Watch out, Silicon Valley. China’s out to eat your lunch.
So says Travis Kalanick, the Silicon Valley pioneer who steered Uber Technologies Inc. to a larger valuation than four-fifths of the companies on the Standard & Poor’s 500 Index. He’s now setting his sights on China: the ride-hailing company’s domestic unit is valued at more than $8 billion after taking more money after the closure of its latest funding round, Kalanick told reporters in Beijing Friday.
The Uber Chief Executive, who’s personally overseeing Uber’s come-from-behind battle against Didi Kuaidi, argued the country’s growing cohort of entrepreneurs will eventually eclipse those that have made the Bay Area a cradle of global technology innovation.
“In the next five years, there will be more innovation, more invention, more entrepreneurship happening in China, happening in Beijing than in Silicon Valley,” Kalanick said at the “Geekpark” conference in Beijing Friday. That will in turn spur Chinese corporations to begin to go global and open up to entrepreneurs from without. “We gotta play our A-game in order to compete with the best.”
Kalanick’s view may not sit well with those who deem the country a violator of intellectual property rights, home to copycat ripoffs and subject to rigorous content restrictions. Just last week at the Consumer Electronics Show in Las Vegas, U.S. federal marshals raided and confiscated the wares of a Chinese company making one-wheeled skateboards for alleged patent infringements.
Yet the country has birthed some of Asia’s largest and most well-regarded technology corporations, from social media and gaming giant Tencent Holdings Ltd. to e-commerce leader Alibaba Group Holding Ltd. Along with search-engine operator Baidu Inc., they have invested in and helped foster a plethora of startups and online services — from mobile payments and messaging to online finance — whose scope and scale outstrip those available in the U.S.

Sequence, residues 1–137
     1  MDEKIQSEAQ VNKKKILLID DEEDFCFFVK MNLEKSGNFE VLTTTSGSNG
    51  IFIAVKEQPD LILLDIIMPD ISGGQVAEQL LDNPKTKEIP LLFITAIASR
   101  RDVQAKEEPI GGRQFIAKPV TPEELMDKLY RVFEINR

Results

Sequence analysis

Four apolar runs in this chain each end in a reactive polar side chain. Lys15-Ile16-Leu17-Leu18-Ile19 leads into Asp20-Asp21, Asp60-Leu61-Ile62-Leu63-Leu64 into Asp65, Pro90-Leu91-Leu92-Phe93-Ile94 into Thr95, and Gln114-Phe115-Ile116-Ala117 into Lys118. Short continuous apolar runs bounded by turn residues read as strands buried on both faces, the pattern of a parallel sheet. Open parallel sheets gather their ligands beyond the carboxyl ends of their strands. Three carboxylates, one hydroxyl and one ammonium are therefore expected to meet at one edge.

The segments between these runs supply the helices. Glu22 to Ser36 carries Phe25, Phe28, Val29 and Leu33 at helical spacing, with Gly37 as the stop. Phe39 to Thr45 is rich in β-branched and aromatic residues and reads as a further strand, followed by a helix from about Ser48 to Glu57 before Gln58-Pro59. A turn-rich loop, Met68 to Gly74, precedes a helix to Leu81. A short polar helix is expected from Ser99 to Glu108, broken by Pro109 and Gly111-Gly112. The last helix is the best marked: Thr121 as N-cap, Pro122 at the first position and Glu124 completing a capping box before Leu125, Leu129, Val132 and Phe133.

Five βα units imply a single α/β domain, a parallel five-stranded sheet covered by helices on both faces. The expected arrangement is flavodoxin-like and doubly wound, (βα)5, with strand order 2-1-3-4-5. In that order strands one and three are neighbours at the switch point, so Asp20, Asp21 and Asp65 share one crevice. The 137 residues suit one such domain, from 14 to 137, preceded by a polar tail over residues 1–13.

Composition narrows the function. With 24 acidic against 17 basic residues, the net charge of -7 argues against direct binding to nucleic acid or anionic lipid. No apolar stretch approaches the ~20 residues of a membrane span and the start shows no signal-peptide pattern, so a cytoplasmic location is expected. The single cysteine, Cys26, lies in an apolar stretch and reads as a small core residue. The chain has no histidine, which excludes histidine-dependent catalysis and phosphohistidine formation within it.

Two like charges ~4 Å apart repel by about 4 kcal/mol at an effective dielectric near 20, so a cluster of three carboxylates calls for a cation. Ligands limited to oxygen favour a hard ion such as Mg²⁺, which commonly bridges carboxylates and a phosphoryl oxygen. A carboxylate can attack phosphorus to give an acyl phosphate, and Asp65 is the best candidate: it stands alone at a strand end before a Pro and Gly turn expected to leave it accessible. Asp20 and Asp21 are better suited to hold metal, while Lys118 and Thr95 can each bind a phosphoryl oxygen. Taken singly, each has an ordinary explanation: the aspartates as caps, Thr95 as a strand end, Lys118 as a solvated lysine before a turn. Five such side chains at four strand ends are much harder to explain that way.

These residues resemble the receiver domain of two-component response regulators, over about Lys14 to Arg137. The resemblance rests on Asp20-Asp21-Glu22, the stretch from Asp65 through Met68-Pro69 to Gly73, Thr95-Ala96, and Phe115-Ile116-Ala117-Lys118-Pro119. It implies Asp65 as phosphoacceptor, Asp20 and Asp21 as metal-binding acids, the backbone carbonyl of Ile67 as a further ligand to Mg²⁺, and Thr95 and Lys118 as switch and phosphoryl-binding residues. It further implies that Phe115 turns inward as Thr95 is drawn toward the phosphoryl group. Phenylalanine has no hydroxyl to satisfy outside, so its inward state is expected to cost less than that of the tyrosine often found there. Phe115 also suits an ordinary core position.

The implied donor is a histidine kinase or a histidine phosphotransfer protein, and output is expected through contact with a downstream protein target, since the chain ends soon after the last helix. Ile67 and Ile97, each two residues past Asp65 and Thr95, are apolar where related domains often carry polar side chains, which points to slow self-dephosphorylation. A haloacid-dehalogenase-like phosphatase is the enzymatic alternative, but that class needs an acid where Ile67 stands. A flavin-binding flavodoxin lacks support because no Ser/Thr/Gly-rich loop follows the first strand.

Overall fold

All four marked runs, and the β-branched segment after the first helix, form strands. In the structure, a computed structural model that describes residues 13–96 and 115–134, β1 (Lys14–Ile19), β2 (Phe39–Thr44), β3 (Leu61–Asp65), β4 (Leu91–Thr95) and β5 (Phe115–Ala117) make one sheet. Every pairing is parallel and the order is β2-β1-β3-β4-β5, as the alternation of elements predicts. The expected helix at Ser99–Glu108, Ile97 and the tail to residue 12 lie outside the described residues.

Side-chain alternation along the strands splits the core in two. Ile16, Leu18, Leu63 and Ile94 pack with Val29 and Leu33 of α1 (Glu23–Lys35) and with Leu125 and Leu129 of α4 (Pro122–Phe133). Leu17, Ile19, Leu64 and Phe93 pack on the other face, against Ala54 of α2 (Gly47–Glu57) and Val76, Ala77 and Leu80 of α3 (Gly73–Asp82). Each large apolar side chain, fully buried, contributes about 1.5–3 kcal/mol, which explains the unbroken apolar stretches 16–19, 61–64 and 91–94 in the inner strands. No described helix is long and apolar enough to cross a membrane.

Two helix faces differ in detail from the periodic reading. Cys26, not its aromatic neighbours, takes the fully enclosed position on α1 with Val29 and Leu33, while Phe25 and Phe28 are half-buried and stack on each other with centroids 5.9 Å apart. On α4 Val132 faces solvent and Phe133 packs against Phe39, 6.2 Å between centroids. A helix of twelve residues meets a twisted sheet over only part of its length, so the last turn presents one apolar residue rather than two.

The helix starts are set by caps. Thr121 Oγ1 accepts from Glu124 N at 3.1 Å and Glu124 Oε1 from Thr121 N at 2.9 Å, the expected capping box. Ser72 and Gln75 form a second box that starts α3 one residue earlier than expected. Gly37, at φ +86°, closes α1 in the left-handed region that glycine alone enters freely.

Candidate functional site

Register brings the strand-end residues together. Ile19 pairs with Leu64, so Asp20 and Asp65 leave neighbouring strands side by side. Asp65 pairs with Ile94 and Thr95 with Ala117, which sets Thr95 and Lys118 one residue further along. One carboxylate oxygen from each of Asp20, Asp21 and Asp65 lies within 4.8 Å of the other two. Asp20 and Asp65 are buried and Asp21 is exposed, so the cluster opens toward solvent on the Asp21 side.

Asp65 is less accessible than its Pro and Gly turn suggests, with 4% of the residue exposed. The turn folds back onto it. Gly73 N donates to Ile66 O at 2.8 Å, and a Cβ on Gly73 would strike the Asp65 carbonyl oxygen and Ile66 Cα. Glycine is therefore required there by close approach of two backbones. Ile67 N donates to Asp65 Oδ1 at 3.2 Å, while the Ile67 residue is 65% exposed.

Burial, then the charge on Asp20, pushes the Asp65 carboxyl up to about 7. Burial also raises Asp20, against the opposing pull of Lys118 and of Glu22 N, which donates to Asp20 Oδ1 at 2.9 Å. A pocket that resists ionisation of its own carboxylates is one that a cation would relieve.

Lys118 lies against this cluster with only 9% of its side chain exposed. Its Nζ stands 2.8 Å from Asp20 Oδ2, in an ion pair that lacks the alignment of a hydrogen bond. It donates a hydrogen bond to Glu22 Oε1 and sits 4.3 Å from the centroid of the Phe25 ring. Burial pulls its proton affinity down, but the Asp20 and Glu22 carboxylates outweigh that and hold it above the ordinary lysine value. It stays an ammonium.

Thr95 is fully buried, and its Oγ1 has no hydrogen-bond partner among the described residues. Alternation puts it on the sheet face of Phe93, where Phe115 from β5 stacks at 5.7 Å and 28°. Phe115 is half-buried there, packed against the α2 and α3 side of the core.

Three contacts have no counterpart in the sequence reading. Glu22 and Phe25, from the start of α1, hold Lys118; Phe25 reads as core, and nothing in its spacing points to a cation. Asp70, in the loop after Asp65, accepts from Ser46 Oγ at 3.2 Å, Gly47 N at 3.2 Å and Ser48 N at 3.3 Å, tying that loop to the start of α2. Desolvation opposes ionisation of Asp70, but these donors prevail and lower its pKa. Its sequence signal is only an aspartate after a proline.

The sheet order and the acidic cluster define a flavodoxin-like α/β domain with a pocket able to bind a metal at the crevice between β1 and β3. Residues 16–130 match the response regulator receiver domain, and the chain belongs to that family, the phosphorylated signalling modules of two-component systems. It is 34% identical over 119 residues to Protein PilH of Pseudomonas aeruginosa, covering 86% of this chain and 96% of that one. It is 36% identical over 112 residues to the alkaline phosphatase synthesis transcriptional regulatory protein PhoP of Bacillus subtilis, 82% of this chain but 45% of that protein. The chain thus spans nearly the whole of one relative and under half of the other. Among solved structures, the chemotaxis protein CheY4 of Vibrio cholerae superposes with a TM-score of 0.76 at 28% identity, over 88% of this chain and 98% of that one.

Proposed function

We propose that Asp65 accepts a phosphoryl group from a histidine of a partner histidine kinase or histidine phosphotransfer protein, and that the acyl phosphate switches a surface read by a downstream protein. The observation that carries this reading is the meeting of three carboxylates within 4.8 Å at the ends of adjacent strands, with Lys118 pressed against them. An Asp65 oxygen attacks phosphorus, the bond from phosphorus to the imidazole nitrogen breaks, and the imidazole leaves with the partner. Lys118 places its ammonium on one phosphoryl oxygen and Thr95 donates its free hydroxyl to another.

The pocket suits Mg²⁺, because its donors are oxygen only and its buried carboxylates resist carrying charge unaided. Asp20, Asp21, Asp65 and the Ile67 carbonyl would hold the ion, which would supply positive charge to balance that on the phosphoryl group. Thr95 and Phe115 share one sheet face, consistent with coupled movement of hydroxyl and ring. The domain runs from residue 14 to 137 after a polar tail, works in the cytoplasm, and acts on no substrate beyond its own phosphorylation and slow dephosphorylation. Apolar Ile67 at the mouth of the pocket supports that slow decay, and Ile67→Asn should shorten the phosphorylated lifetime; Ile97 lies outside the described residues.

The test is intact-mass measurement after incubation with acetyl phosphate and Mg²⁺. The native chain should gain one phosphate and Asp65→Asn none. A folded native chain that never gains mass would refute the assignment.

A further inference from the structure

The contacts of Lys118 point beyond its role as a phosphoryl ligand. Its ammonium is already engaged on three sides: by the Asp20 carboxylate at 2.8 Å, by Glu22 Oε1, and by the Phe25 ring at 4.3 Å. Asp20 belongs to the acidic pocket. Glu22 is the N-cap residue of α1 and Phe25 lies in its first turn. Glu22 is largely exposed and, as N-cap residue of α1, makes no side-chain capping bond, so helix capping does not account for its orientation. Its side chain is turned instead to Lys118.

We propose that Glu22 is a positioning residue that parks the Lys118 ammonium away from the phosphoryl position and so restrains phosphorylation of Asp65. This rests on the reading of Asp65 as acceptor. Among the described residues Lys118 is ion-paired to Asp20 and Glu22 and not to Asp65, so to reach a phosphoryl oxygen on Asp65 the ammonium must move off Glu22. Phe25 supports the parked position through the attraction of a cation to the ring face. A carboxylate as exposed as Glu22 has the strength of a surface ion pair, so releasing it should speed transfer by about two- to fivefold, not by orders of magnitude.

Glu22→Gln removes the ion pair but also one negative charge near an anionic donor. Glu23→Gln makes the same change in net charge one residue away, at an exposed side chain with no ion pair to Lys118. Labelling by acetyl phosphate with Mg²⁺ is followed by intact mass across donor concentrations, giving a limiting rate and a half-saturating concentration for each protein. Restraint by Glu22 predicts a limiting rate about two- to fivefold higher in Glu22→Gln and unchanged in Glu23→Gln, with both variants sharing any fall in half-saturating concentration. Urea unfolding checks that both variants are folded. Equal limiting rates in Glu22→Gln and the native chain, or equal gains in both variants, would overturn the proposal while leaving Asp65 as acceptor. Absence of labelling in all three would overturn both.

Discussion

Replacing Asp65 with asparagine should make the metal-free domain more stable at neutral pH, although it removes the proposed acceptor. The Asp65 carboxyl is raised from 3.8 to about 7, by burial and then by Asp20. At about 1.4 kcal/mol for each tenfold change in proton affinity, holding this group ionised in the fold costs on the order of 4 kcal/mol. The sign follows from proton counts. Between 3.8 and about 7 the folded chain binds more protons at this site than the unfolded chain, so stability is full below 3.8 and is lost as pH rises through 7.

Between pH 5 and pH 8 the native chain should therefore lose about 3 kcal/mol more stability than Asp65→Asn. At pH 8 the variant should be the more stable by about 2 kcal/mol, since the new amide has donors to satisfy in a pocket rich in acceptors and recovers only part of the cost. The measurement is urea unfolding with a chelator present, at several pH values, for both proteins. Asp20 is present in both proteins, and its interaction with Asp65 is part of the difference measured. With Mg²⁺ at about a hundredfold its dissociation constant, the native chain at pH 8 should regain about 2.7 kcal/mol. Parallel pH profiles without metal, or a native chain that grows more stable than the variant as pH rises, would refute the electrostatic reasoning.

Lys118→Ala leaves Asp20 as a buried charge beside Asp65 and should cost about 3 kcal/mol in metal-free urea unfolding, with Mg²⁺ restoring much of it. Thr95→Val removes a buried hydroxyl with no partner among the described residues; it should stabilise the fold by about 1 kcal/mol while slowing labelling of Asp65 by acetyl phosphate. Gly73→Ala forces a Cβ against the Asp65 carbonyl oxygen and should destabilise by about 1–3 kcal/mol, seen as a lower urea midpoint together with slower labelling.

Investors are beginning to take note. Investments in China and India, where most of the biggest deals are taking place, more than tripled to $16.9 billion in the third quarter, just under the $17.5 billion invested in North America as of Oct. 1, according to Preqin Ltd., a London-based consultancy. Venture investors closed 1,016 deals in China up to the third quarter of 2015 — more than in all of 2014.
Some of that money went to Uber. The company raised a little under $2 billion from Chinese investors last year, much of which went to Uber China. Kalanick told reporters in a group interview Friday he needs to have a CEO there who’s Chinese.
“I’m really attached to the job now. It’s where all the action is,” he said. “I’m holding the bar at highest level,” he added. “Until we find that perfect person, I will be serving as Uber China CEO.”
This article was written by Bloomberg News from Bloomberg and was legally licensed through the NewsCred publisher network.